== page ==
Canadian Milos Raonic, who hit 32 aces to defeat John Millman and reach the third round of Wimbledon, says the game’s bigger players are starting to evolve—and serves are going to continue getting harder and harder.
Going into the tournament, Raonic has 6,275 aces for the season. The Canadian has served as high as 155 mph and says it's going upwards.
“I think it probably will be humanly possible," said Raonic. "The way you're just going to have to see and look at it is physics-wise, you can only hit a ball from a certain angle so hard before it's not going to drop in time.
“To serve hard, it has to be flat. So either you're going to have a guy that's extremely strong hitting from a higher point of contact, or you're not going to be able to do it with much spin. But there will be some progress and some kind of development. But maybe before the margins, the steps were higher, but now the margin is just getting smaller because physics and gravity can only allow for so much.”
WATCH—Daily Serve from Day 3 at Wimbledon:
The 27-year-old Raonic is 6'5", and he believes that taller players are getting more efficient and stronger. It has been historically difficult for the super tall men to win a major, but slowly, they have found ways to bend down, move to the right or left quickly, and forward toward the net.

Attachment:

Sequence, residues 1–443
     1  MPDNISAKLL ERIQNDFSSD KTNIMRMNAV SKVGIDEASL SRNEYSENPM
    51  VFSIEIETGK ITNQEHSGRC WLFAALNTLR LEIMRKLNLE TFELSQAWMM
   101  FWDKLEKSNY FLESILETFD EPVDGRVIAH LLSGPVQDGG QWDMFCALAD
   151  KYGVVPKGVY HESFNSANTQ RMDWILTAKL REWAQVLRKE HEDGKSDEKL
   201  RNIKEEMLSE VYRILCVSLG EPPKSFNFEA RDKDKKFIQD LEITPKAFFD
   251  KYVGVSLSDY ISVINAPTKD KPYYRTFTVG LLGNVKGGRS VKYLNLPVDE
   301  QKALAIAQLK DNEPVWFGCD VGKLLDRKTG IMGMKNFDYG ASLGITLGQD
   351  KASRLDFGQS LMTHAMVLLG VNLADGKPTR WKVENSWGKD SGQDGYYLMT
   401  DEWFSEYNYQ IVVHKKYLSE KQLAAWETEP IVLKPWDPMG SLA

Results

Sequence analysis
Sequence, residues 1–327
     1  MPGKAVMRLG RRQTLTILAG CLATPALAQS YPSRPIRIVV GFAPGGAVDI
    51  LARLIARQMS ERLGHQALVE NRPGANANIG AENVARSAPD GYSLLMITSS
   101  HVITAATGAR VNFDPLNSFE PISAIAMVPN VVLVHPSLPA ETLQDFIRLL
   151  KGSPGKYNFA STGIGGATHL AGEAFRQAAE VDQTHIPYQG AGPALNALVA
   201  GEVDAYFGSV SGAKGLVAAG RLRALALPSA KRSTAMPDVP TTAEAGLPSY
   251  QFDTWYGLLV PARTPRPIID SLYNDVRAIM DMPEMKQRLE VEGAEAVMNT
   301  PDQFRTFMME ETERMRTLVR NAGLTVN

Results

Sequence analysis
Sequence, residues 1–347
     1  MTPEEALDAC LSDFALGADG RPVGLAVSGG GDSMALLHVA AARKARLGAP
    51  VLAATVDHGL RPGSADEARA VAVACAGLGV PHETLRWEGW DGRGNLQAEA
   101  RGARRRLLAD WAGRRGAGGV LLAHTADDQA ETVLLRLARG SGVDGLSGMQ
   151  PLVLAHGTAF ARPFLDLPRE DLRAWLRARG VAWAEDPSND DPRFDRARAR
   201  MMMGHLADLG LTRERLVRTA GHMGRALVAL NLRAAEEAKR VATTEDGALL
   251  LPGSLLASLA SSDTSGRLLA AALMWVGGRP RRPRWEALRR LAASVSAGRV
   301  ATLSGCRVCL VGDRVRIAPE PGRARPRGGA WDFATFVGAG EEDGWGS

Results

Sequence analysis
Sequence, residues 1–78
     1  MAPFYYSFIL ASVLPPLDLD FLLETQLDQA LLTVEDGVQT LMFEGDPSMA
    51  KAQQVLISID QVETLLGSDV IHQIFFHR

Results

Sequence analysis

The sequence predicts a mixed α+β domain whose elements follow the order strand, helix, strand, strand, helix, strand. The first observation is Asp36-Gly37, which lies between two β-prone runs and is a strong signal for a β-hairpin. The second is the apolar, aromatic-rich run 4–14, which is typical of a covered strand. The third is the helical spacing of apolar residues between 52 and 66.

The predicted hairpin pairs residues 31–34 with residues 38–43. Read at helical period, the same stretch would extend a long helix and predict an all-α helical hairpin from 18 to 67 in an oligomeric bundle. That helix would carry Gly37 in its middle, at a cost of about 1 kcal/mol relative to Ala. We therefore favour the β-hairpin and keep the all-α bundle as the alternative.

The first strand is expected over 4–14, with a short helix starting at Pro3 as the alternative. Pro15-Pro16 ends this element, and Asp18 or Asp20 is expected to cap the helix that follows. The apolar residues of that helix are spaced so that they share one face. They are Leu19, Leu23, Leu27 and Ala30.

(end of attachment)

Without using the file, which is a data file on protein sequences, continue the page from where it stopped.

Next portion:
“It's good," said Raonic. "I think the difference you see nowadays from the tennis I have seen previously from big guys—and I consider a big guy 6'5" and above, I'm sort of on the bottom edge of that, because a lot of the guys are taller than me—everybody used to train the way a tennis player should train. People didn't used to sort of make individual training programs.
"I think the big guys realized, 'Hey, this is what we need to do to get the most out of ourselves.' You see guys moving more efficiently. You have Nick [Kyrgios], who's incredibly athletic. You have [Juan Martin] Del Potro who I would say is one of the better movers, especially laterally.
"You have guys that are getting better because they are looking for programs and techniques that are going to suit them best.”
Strokes of Genius is a world-class documentary capturing the historic 13-year rivalry between tennis icons Roger Federer and Rafael Nadal. It is timed for release as the anticipation crests with Roger as returning champion, 10 years after their famed 2008 Wimbledon championship – an epic match so close and so reflective of their competitive balance that, in the end, the true winner was the sport itself.